Anyone who has visited National Parks in Utah (or who has read anything by Edward Abbey) invariably comes away with a fondness for the term “hoodoo”. In the west, a hoodoo is a name for eroded sandstone and limestone formations, especially the ones that conjure up ghastly shapes, anthropomorphic or otherwise. The term is an alternate take on the word voodoo and probably originated in Africa. You can see plenty of hoodoos in Goblin Valley State Park (in central Utah) or in Bryce Canyon.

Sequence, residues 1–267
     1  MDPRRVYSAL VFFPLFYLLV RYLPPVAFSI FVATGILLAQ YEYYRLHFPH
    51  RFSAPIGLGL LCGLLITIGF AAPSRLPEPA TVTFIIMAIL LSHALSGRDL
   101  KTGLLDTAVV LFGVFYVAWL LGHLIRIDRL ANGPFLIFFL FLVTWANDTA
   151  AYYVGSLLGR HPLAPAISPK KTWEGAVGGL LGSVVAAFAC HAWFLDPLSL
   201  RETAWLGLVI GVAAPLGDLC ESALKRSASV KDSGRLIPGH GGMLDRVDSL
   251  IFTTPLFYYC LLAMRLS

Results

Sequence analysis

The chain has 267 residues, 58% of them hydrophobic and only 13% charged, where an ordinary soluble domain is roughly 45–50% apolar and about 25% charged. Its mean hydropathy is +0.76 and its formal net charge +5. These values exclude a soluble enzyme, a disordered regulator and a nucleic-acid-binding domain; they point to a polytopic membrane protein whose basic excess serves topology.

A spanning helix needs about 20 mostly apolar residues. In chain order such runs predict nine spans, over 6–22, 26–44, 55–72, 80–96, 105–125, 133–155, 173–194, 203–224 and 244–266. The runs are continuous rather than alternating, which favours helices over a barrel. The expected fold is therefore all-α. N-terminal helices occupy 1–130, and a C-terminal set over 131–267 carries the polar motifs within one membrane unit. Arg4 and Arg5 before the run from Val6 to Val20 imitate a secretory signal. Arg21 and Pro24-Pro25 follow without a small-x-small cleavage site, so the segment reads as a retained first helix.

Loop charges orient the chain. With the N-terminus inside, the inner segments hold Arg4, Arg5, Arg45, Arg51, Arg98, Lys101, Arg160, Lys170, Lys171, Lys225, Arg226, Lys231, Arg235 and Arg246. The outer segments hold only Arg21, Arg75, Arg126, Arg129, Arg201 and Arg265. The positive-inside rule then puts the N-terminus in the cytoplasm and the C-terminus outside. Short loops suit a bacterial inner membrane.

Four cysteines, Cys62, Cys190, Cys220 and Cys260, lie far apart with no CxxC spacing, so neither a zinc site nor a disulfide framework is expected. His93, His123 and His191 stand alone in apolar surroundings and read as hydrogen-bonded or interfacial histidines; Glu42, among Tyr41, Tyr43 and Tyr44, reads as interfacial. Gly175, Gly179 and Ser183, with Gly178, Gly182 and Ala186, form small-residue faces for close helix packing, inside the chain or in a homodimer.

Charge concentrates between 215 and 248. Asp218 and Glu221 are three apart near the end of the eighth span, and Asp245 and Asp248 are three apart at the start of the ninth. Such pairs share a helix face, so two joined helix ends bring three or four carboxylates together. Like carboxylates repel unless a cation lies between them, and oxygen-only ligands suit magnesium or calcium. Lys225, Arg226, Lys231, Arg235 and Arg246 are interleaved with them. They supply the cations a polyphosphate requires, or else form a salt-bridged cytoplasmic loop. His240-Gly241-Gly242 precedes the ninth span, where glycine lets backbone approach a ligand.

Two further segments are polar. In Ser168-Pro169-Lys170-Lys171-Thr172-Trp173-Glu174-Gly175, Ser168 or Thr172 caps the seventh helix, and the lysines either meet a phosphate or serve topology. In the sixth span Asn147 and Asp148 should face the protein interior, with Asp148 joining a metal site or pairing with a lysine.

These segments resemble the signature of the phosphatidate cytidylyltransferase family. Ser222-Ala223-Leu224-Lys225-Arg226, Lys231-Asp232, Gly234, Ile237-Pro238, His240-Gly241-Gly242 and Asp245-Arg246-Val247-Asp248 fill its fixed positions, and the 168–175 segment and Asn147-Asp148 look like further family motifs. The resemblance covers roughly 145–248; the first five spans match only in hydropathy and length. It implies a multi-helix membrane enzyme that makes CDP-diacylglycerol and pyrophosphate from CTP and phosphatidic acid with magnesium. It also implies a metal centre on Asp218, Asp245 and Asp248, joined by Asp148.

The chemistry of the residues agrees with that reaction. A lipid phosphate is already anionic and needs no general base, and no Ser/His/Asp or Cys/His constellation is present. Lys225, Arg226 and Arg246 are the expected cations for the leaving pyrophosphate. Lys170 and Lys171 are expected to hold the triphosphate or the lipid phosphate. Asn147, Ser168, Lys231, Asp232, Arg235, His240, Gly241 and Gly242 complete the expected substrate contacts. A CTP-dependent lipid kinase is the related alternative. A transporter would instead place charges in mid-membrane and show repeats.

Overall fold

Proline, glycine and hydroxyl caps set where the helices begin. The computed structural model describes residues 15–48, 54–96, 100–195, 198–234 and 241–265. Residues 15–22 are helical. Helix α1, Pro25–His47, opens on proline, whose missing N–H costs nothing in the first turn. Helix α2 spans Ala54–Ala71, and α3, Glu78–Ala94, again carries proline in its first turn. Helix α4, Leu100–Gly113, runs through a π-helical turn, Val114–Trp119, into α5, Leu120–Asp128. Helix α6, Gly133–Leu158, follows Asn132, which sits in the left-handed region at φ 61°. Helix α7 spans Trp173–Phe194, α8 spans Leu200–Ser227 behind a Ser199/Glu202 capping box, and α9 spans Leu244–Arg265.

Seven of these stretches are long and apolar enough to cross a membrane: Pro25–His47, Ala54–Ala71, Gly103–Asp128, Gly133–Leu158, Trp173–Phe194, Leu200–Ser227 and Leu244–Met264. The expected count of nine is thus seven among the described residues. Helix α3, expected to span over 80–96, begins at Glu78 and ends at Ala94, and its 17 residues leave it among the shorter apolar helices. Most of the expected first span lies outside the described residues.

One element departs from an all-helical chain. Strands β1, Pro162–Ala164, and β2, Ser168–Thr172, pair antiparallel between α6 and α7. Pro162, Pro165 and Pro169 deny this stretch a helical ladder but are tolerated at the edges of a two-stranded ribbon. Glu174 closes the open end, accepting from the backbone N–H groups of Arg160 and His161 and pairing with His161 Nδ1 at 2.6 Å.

But the west doesn’t own them all.
Similar spires may be seen in Shadmoor State Park in Montauk, where eroded bluffs create a fantastically ragged coastline. Much like their western cousins, Montauk’s formations continue to erode and reshape themselves (and are arguably just as spectacular).
This photograph was taken a few years back on an obstreperous winter’s day when a storm was clearing out. For about a half hour, I was present for a very interesting display of light which included the occasional sunbeam slanting down to the ocean. The picture was shot on negative film with my Hasselblad.